5 Outdoor Activities for Beating Office Burnout Related Posts marshall kirkpatrick 4 Keys to a Kid-Safe App 12 Unique Gifts for the Hard-to-Shop-for People… Hype Machine, the smart, long-running MP3 blog aggregator, has posted its annual collection of the most-blogged-about albums, songs and musical artists of the year. Once again, the project is a pleasure to consume and will unfold throughout the month of January. Top albums 50 through 41, Mumford and Sons through Monsters of Folk, are available now in full for streaming.The album collection combines weighted rankings – based on submitted top 10 lists from 550 MP3 blogs – with a widget from Grooveshark to listen to the album, and a Creative Commons photo of each band. It’s quite nice. The newest addition to the project is unusually low-tech; it’s artist renditions of the top 50 musical artists of the year.Last year’s Zeitgeist combined different technology to present the top albums and is still available as a list. It’s not as easy to listen to, though, perhaps because it was powered by Imeem, which MySpace bought and made a tragic mess of last month.This year’s Hype Machine Zeitgeist is another example of the awesome potential of free online music combined with smart technology and excellent design. Check it out and be inspired. Is this era the end of the music industry? It sure doesn’t need to be. 9 Books That Make Perfect Gifts for Industry Ex… Tags:#music#news#web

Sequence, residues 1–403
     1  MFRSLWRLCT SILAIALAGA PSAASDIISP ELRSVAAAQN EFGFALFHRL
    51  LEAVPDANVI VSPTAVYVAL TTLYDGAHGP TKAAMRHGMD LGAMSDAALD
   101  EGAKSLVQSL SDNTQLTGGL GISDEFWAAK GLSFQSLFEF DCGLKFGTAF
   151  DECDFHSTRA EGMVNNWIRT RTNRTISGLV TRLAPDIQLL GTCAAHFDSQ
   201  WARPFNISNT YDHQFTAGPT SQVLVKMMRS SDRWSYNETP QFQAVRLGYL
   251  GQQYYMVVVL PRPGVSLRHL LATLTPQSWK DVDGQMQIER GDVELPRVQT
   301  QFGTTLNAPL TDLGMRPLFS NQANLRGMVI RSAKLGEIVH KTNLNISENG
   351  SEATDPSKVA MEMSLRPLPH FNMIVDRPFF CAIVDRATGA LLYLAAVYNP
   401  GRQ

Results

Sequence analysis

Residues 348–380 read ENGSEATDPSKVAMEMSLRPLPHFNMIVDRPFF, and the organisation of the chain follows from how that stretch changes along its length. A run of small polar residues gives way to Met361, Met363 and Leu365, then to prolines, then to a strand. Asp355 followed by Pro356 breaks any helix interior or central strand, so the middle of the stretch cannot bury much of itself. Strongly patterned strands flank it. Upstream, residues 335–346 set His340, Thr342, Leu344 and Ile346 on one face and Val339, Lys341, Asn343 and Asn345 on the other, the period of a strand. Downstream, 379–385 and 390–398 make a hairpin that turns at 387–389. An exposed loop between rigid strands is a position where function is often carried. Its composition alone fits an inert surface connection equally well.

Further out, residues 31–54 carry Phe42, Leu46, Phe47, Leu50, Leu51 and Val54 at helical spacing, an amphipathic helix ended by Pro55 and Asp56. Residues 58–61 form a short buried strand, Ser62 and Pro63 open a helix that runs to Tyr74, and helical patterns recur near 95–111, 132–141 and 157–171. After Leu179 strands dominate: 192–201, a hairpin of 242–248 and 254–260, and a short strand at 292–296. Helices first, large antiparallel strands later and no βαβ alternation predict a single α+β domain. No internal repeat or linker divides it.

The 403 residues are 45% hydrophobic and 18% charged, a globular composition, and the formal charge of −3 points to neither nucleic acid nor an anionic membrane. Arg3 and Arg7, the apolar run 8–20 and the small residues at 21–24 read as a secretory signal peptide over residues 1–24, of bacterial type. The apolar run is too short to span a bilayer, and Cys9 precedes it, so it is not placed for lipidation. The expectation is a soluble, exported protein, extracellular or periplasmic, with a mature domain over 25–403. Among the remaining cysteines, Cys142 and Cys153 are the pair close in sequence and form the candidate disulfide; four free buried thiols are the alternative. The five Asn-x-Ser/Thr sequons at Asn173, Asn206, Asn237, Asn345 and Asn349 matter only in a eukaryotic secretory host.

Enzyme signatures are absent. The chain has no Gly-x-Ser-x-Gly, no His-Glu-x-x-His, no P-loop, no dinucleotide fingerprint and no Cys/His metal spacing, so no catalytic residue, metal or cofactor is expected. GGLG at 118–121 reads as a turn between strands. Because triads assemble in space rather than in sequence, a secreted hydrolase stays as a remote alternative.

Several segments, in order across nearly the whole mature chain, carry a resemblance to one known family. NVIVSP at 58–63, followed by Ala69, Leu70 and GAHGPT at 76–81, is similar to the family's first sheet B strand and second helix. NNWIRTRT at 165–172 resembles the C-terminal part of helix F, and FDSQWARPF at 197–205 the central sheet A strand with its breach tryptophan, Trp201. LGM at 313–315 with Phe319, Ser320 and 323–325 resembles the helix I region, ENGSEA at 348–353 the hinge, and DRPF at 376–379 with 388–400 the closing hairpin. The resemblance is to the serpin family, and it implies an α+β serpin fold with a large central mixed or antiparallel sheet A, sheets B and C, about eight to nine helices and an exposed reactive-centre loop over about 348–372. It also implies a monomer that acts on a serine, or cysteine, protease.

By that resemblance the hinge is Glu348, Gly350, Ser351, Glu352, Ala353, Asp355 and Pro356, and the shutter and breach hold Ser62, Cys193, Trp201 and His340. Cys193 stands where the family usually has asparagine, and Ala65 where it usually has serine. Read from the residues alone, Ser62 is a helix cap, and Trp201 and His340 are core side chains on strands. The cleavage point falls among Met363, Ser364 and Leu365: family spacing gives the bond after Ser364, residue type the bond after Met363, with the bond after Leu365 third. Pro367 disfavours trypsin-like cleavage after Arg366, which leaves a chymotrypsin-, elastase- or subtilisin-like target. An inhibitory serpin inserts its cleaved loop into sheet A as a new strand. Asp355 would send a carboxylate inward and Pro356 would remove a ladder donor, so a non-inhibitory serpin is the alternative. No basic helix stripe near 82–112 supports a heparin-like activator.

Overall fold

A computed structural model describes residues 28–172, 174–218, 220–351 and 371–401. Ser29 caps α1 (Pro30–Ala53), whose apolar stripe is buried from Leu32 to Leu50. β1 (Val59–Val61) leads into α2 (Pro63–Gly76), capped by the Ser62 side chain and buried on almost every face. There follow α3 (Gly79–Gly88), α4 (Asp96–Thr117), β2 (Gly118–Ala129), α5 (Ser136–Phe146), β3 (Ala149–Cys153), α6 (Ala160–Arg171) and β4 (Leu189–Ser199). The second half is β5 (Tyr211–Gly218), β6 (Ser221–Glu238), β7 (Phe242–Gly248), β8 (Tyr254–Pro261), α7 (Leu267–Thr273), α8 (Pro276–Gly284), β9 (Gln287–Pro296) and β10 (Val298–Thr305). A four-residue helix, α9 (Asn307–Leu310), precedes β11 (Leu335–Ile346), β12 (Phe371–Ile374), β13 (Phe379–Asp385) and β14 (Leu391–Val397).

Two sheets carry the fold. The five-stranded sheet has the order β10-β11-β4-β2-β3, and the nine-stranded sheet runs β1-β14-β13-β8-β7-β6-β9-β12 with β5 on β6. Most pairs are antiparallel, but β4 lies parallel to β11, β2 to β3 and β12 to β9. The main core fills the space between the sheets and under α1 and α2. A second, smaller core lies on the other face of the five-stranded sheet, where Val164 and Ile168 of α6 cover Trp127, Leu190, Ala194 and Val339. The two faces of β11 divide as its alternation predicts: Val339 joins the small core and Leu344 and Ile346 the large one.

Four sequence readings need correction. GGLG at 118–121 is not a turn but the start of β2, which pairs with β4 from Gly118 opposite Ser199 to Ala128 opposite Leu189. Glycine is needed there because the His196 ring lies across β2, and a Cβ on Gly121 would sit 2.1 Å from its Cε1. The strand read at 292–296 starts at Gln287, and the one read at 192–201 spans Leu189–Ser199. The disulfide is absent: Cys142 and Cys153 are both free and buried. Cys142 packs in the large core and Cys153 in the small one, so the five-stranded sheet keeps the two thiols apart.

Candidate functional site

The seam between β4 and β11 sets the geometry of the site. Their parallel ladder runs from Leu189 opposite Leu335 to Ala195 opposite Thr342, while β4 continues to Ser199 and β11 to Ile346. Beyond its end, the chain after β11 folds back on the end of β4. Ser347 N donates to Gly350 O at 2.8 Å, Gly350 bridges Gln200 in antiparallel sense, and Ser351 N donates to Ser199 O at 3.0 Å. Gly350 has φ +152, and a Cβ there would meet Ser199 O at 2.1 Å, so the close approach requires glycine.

Microsoft acquired Nokia has rolled out two feature phones- Nokia 130 and Nokia 130 Dual globally at EUR 19 (INR 1,500 approx.). The devices which were launched the previous month will first be available in China, Pakistan and Nigeria, followed by other markets, which have not been specified so far.The Nokia 130 and Nokia 130 Dual SIM will be available in Black, Red, and White colour options. Though the devices have been listed on the company’s website but they do not mention the pricing and availability details. The announcement was made public on the company’s blog which said “The Nokia 130 is a perfect device for people young and old alike who are looking for their first mobile phone, or for those looking for a rock-solid backup phone to use alongside their smartphone.”Both the handsets have similar specifications and run on Nokia OS Serries 30+ out-of-the-box. Nokia 130 and 130 Dual come with 1020mAh battery that offers an impressive standby talk time of 36 days and 26 days respectively.The feature phones sport a 1.8 inch QQVGA (128×168 pixels) 16-bit LCD colour display that offers 114ppi. Other than this, it also offers a microSD memory card slot, which supports storage expansion to up to 32 GB and is also equipped with a flash light. Talking about the connectivity options the device offers 2G and bluetooth connectivity options along with a Micro-USB slot for charging.